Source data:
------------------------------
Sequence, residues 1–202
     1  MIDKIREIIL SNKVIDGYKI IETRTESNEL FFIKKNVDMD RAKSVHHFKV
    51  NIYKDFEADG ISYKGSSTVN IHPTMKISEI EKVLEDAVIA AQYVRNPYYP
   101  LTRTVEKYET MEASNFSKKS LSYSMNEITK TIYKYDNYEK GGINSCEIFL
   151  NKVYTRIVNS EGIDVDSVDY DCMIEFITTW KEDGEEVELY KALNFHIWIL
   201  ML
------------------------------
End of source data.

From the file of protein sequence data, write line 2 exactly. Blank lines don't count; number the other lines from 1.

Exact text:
     1  MIDKIREIIL SNKVIDGYKI IETRTESNEL FFIKKNVDMD RAKSVHHFKV